“I, the aforementioned infant” documentary review

Steve Johnson
3 min readJul 15, 2021

CONTAINS SPOILERS

“The aforementioned infant” is a description so impersonal, so devoid of significance. I feel for the filmmaker on her journey. Her birth certificate is canceled, but her birth wasn’t. If it’s archived, then it still exists. Just because something is canceled doesn’t mean it didn’t happen. Legal acts change what is lawful, but they can’t erase reality. If it is permanently sealed, then it’s NOT canceled! It’s just hidden.

On the other hand, her identity has not been canceled. So it’s not as if her years growing up as an adoptee are fake. Her life still happened and still has significance even if it doesn’t feel complete. So that’s how I would describe this. A journey of completion.

I do have to say I am not pleased with the woman who disparaged Christianity. First of all, original sin is a part of the Bible. That is unmistakable and undeniable. Second, we all have a sinful nature that is a part of us. You don’t have to teach a child to say “mine” or be selfish. Every baby starts life as a little savage. He is entirely selfish and self-centered. He wants what he wants when he wants it: his bottle, his mother’s attention, his playmate’s toys, his uncle’s watch, or whatever. Deny him these, and he seethes with rage and aggressiveness, which would be murderous were he not so helpless. He’s dirty. He has no morals, no knowledge, no developed skills. This means that all children, not just certain children but all children, are born delinquent. If permitted to continue in their self-centered world of infancy, given free rein to their impulsive actions to satisfy each want, every child would grow up a criminal, a thief, a killer, a rapist (Minnesota Crime Commission, 1926). Yet each child also has immense value because they are made in the image of God. While infected with Adam’s sinful nature, humans are still the crown jewels of God’s creation.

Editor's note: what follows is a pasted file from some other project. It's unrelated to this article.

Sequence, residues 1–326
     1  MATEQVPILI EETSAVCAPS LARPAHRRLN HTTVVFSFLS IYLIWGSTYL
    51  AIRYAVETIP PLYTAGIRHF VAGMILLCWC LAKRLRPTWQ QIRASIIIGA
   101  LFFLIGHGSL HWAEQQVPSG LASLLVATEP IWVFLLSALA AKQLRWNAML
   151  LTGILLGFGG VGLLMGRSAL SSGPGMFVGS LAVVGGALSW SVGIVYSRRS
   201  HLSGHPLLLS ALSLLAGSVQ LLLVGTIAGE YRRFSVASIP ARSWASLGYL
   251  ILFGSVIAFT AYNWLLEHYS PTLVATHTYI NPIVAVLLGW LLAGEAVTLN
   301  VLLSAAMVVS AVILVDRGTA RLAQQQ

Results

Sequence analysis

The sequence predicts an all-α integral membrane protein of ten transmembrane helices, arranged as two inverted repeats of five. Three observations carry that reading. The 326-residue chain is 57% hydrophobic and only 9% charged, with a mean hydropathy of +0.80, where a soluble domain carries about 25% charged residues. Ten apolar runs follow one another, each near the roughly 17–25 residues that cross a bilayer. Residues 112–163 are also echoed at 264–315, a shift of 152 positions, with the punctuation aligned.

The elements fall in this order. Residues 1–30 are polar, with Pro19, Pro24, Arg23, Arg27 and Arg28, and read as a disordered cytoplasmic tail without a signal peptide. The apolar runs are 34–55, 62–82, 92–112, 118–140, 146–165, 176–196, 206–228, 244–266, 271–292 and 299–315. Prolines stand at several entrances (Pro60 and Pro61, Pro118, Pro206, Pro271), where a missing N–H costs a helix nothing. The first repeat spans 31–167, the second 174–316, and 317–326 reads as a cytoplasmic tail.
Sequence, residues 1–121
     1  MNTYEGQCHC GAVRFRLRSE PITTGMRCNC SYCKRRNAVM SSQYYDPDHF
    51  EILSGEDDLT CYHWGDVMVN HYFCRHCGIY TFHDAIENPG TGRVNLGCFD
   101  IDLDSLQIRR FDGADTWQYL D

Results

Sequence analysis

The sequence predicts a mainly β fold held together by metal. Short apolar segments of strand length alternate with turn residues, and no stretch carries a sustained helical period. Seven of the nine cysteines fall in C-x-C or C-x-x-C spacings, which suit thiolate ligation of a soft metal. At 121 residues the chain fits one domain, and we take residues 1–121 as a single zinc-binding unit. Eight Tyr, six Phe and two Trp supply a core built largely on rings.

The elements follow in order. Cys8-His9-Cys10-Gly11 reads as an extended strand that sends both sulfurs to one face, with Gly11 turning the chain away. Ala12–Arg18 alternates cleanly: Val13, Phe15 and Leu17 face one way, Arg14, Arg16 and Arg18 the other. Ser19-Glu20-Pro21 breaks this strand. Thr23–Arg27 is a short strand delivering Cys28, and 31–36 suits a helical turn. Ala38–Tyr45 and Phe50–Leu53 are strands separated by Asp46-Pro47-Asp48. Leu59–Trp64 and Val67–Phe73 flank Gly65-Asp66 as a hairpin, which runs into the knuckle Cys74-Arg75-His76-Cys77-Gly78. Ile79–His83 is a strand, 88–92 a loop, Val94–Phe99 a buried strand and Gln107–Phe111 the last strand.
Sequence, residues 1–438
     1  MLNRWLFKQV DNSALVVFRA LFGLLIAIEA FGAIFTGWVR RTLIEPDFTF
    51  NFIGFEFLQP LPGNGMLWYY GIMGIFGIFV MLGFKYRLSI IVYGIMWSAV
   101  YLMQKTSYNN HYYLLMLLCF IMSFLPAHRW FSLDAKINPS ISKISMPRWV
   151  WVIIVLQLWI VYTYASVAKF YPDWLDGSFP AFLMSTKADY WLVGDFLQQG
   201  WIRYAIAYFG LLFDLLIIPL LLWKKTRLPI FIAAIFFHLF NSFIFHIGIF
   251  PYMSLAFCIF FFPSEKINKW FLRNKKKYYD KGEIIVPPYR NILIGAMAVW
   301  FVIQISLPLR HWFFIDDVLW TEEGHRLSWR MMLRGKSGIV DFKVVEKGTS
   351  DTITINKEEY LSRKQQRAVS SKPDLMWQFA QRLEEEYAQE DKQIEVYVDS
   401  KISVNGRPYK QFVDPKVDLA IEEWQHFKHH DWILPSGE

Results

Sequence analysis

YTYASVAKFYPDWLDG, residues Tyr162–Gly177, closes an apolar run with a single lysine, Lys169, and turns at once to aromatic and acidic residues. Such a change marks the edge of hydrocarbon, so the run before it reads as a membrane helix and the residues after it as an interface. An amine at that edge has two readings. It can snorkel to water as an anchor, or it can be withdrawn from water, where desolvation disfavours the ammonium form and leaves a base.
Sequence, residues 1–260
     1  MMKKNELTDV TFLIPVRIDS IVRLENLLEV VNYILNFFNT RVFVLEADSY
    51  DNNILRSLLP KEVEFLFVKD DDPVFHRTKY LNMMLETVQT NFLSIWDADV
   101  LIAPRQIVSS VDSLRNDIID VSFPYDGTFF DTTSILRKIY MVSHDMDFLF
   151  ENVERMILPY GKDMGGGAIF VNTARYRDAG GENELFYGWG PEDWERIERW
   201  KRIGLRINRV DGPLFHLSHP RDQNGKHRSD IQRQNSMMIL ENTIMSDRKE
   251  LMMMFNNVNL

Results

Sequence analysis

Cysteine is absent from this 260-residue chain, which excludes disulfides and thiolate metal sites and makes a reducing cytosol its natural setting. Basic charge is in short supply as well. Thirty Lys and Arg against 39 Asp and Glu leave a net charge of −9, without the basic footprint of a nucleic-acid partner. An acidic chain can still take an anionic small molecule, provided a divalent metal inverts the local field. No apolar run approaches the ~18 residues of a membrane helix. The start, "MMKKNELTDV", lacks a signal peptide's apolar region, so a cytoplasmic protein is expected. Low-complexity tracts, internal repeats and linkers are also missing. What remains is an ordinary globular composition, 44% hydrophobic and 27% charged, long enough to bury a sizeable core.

Furthermore, while I do not believe that it would be good or healthy to refer to a child as a “bastard,” the word means a person born of unmarried parents. In other words, a bastard is an illegitimate child (dictionary.com). If that accurately describes a person’s situation, it’s not wrong. It just shouldn’t be said to a young child. To do so would be almost as cruel as the guy who refused to give him his seat…

Steve Johnson

My interests are Jesus Christ and all things Christianity, news and politics, current events, conservatism, sports, and entertainment. And I love to write!